But it has been very important for me to write this blog. Not just for the followers and friends of the World ARC but more selfishly it was written for us. For one day David and I can sit in the comfort of our own armchairs and relive this amazing fifteen month adventure through our stories. What were the highlights? Completing a second circumnavigation two up of course! On a journey that has taken us across three more oceans and through countless cruising grounds. People ask David what is the worst thing that happened on the voyage and he always says that it was when a bottle of good malt whisky broke spilling all its contents in the bilges! But we have completed this second circumnavigation on what must be one of the most reliable yachts ever built and our tribute must be to Henri Amel for the concept and the making of these immensely strong and seaworthy and fast, yes fast, thanks to Donald's great contribution on the Richards Bay to Cape Town leg. This must surely have tested us and Voyageur the most, although the Indian Ocean in its entirety proved to be our greatest adversary. Anyway we are supremely happy. We have achieved all that we set out to do, to sail around the world again, in the company of a group of like-minded sailors, on a different route and we have made it back to our starting off point of Rodney Bay in comfort and safety. But our biggest tribute is to our family back home in Scotland who had the understanding and patience to allow us to fulfil our ambitions. We miss them all so much and are so excited to be going home to see them again. We have lived for the past fifteen months in what we call 'our boat bubble world', oblivious to all but the most mundane of day to day activities. I know they were the 'competition' but we would never like to forget the Blue Water Rally. They marked the very beginning of our long distance cruising.... World Cruising Club, there for us at the end.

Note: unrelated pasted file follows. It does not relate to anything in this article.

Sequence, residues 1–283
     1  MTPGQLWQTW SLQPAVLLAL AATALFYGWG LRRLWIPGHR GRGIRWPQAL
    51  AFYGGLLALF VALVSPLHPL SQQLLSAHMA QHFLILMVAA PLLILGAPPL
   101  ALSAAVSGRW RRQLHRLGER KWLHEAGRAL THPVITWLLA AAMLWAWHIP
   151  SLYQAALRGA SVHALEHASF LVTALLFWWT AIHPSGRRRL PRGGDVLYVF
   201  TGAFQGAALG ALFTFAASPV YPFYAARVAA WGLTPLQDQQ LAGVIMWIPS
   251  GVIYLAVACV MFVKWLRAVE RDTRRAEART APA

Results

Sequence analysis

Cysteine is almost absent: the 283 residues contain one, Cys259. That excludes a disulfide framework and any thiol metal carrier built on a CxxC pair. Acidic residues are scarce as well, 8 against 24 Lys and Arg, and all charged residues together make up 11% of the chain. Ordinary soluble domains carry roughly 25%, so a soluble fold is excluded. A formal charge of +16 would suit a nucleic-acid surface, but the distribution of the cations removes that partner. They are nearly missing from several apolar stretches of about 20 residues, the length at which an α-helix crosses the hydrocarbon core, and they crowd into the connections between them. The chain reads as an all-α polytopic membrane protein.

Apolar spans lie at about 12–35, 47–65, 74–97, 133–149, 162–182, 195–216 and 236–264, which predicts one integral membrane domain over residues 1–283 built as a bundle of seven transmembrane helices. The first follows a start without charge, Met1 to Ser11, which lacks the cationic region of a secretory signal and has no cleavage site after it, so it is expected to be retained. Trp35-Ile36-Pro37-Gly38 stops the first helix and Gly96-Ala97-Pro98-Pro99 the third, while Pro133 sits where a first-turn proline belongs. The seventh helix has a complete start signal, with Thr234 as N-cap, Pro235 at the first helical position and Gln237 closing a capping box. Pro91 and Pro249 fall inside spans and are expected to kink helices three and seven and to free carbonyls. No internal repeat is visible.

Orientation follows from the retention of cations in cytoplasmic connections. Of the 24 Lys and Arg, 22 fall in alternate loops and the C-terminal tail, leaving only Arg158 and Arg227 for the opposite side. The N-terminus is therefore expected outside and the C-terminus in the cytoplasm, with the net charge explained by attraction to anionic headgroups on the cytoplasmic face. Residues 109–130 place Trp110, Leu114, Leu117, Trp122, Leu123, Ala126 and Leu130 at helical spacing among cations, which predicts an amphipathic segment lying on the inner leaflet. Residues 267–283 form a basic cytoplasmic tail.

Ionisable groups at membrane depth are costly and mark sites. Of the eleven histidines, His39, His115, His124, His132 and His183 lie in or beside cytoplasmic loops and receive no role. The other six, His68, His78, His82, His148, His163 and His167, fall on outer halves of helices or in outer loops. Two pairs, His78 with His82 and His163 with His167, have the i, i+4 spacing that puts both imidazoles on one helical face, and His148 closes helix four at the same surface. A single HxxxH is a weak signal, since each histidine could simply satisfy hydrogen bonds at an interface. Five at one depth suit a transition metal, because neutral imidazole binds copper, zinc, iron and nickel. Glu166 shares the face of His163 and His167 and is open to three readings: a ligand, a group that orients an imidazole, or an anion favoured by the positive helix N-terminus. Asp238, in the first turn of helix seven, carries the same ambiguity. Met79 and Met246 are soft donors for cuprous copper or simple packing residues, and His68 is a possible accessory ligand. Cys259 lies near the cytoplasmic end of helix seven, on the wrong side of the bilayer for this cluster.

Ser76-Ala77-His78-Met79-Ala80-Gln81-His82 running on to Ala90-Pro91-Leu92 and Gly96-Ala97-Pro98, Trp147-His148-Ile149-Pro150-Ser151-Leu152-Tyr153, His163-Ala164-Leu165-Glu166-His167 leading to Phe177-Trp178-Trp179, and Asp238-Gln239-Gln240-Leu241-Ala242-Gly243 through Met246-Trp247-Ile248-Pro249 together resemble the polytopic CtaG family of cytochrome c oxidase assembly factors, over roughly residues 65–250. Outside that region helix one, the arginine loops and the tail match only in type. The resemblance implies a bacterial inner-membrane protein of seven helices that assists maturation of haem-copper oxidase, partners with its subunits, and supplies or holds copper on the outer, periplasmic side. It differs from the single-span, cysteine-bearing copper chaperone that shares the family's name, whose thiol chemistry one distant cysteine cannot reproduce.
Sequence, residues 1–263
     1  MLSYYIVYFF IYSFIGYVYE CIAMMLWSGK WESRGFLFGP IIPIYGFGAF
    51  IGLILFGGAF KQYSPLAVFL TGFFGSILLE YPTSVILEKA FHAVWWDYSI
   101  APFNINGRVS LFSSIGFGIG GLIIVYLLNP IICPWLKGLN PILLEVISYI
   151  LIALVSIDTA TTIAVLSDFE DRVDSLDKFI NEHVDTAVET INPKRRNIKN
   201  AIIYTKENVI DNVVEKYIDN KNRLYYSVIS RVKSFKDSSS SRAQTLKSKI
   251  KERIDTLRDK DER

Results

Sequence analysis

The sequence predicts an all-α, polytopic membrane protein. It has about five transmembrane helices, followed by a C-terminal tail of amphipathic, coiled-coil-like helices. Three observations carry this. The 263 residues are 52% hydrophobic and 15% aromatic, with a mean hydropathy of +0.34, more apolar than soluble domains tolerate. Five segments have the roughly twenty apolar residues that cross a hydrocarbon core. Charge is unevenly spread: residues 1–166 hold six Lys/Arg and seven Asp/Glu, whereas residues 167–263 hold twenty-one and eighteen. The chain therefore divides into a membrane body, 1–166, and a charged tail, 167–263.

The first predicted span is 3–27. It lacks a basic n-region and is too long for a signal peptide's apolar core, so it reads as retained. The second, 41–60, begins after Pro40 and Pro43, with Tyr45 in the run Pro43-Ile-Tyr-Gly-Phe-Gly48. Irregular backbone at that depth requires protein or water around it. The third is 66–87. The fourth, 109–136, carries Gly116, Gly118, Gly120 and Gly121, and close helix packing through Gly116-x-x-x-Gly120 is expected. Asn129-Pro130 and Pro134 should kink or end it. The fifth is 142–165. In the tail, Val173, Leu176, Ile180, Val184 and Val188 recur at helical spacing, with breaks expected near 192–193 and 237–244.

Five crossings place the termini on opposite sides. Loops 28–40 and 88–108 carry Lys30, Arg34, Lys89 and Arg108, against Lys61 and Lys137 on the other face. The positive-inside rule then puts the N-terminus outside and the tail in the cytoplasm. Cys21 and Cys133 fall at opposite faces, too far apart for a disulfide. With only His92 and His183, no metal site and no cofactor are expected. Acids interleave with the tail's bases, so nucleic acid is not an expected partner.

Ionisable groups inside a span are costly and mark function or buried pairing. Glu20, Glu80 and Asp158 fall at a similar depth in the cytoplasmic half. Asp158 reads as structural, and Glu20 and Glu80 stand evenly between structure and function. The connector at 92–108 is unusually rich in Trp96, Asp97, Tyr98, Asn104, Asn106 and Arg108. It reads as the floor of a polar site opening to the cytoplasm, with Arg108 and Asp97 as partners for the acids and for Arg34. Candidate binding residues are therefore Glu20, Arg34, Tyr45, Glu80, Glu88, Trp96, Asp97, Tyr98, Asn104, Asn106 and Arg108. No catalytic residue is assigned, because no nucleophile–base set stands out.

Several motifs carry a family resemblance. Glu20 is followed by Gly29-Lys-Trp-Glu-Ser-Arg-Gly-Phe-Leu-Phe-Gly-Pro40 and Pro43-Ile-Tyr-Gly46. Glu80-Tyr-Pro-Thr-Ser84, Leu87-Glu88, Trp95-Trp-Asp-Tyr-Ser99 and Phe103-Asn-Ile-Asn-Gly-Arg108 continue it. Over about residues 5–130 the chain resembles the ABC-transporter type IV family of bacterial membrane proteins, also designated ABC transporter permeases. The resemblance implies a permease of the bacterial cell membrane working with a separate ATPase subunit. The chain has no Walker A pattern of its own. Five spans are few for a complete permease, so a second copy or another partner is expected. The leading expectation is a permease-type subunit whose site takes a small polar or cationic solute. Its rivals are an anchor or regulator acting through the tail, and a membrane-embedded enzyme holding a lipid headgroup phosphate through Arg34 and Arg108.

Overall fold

If the question was asked of every World ARC boat what their favourite destination was you would get seventeen different answers. Here is mine. The San Blas Islands are undeniably beautiful but too many yachts now take up annual residence there. The Galapagos Islands are the most extraordinary place on earth. They are unique for their abundance of wildlife. Then there are the Marquesas, hauntingly beautiful with a rich culture. The Tuamotus are in complete contrast with their tiny palm tree atolls. And how could we forget about Vanuatu. The smoking, smouldering volcano on Tanna, the offering of gifts ceremony, and the children singing 'This land is our land, this land is your land'. Finally, there is the Great Barrier Reef, through the remoteness and beauty of the Hinchinbrook Channel in the Whitsunday Islands, to be followed by the desolation of Queensland and the Northern Territories, one of last great wildernesses of the world. Oh, I could go and on..... But suddenly it occurs to me that I talk only of the Pacific. Yes, it is the Pacific that fascinates, and I could happily spend years there. It is no wonder Bernard Moitessier sailed on in the Sunday Times Golden Globe Race in 1968 and returned there. And yet we have really only just scratched the surface but we are well content. We have covered a lot of ground and you can never do it all but realistically we know that our long distance voyaging is at an end and we are ready to go home. Our family will hardly recognize us, our friends may barely remember us but we have memories that will endure.
It has not just been another amazing adventure for us but a journey of new discoveries, of sailing challenges, of a test of our own strengths and weaknesses, but above all a continuing love affair with the sea and each other which is everlasting.......
I found this quotation by the famous English poet William Wordsworth in a book I was reading as we crossed the Pacific and thought it perfectly summed up our trip.
'I travelled among unknown men in lands beyond the sea'
Thank you World Arc for helping us to achieve that.